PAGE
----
Currently, 500-watt panels are still relatively rare in residential installations, and it's worth noting two factors that help the panel achieve this power rating. First, these panels are designed primarily for larger-scale installations, meaning they are physically bigger than typical residential panels. Second, these panels are bifacial, meaning they can collect sunlight from both the front and back of the panels, increasing the overall electricity produced. Bifacial panels are less frequently installed in residential applications.

Two primary ways to make solar panels more powerful are to increase either their efficiency or their physical size. The most efficient solar panels available to the residential market max out at about 23 percent efficiency. For a standard residential-size panel, that means topping out at 425 watts. For every half percentage point or so that a panel efficiency increases, the power rating increases by about 10 watts. This level of efficiency would have been unthinkable in solar panels just five years ago; if residential panels were to increase in efficiency by another five percentage points to 28 percent, that would likely produce a 525-watt panel or so.

Alternatively, solar panels could continue to move from 60 cells to 72 cells and beyond, making larger and larger panels that physically occupy more space. While that would succeed in making higher-power solar panels, it would also lead to system design or integration issues with more extensive and heavier modules. This year, the German manufacturer Risen announced they had successfully created a 700-watt PV module.

Higher-wattage panels open up many possibilities, especially when paired with a solar inverter, charge controller, solar battery, or some other energy storage. If you are space-constrained on your roof, installing more efficient and powerful solar module panels can help you come closer to offsetting your electricity usage with your solar installation. When you pair your 500-watt panels with a battery, the panels will act as a quicker charger than almost any other option.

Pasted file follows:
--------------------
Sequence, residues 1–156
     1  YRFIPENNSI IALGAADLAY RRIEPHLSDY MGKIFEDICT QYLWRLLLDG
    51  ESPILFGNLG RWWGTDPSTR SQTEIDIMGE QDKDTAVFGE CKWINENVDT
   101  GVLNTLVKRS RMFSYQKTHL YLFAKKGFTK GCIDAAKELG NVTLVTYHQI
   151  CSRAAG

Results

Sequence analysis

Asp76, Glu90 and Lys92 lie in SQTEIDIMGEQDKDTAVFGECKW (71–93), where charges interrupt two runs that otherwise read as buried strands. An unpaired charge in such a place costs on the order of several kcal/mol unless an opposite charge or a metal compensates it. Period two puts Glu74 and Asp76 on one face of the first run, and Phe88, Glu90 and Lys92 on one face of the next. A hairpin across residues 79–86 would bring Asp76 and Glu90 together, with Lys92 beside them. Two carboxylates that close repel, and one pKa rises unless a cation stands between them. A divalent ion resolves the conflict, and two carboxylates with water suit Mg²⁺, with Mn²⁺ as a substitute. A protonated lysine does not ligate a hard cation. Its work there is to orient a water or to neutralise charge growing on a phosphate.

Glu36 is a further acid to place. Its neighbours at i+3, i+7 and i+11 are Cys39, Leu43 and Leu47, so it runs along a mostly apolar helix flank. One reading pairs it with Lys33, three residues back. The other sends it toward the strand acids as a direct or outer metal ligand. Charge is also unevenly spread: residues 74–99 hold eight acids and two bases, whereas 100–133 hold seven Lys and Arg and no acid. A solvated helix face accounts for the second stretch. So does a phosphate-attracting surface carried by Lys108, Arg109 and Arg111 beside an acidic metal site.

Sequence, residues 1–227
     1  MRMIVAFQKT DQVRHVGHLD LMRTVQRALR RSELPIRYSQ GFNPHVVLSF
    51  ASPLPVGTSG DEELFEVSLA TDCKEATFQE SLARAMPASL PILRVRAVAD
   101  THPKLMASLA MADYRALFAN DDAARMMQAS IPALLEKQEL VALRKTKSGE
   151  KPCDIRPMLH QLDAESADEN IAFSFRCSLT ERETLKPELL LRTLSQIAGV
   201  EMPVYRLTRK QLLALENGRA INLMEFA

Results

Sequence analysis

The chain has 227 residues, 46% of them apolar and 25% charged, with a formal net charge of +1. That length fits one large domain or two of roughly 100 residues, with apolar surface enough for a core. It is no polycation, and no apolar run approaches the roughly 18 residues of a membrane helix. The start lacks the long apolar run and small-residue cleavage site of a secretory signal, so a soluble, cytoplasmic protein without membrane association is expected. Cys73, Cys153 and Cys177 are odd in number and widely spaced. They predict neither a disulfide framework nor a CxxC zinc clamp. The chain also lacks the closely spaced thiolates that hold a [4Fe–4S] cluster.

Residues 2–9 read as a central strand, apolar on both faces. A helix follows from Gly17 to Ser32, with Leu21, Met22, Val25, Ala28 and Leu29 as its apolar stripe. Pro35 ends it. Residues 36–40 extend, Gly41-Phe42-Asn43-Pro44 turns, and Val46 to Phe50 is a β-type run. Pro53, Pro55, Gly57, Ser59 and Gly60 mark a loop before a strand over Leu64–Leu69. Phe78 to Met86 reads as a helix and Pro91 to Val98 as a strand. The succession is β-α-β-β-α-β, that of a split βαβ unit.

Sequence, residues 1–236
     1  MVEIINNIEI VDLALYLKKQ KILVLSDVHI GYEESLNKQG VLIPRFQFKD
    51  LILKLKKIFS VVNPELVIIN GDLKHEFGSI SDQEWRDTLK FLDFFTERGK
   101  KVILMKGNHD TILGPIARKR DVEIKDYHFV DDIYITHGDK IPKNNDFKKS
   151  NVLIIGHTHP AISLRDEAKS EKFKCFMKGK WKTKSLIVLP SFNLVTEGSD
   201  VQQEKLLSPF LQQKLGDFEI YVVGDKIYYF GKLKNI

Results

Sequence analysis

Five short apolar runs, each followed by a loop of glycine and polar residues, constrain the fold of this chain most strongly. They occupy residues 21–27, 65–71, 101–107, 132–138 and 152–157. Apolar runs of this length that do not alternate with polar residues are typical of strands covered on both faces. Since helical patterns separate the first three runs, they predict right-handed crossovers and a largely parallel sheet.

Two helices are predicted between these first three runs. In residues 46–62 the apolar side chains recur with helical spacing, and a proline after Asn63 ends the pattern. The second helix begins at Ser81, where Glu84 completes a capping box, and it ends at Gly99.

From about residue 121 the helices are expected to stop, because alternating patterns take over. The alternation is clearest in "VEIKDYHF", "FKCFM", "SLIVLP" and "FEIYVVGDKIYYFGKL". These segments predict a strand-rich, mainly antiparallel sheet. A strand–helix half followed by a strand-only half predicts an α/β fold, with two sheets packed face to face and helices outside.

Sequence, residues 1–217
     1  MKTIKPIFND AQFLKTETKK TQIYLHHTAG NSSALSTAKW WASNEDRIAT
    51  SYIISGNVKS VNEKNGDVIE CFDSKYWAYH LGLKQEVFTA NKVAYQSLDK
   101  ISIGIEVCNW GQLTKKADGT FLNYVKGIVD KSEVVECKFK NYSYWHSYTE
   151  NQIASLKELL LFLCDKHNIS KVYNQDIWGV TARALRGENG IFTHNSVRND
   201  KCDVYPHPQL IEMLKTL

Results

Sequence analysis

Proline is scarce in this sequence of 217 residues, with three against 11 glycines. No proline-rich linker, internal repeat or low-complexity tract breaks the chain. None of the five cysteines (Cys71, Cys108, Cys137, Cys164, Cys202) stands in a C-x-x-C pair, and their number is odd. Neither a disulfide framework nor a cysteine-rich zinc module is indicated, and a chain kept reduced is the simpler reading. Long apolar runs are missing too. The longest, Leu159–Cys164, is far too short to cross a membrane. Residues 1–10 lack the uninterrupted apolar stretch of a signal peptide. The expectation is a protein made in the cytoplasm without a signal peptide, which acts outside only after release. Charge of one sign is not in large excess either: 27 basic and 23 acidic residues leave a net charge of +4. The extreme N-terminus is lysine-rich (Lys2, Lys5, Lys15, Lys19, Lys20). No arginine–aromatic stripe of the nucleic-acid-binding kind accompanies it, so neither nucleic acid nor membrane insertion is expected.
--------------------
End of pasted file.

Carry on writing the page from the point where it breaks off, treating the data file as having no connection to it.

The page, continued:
For instance, a 20-panel installation of 300-watt solar panels–a 6-kilowatt (kW) solar power system–may produce enough electricity to offset a $120 monthly electricity bill depending upon where in the country you live. On the other hand, a 20-panel installation of 400-watt panels could potentially offset a $160 monthly electricity bill. What's more, if you anticipate purchasing an electric vehicle or switching to air-source heat pumps for your heating and cooling needs, higher wattage panels allow you to even oversize your solar panel system to meet that future need. Because of their size, 500-watt solar cells may be more challenging to install, making off-grid or DIY solar installations even more complicated. Because of their size and relatively less availability, the price for a 500-watt solar panel system will tend to be a bit higher.

If you're interested in comparing solar panels' wattages, efficiencies, or sizes, check out the EnergySage Buyer's Guide for an easy and free-to-use interactive tool to research different solar equipment. Moreover, the EnergySage Solar Marketplace pulls that information directly into any custom solar quotes you receive from local installers through our platform, allowing you to compare your options head-to-head.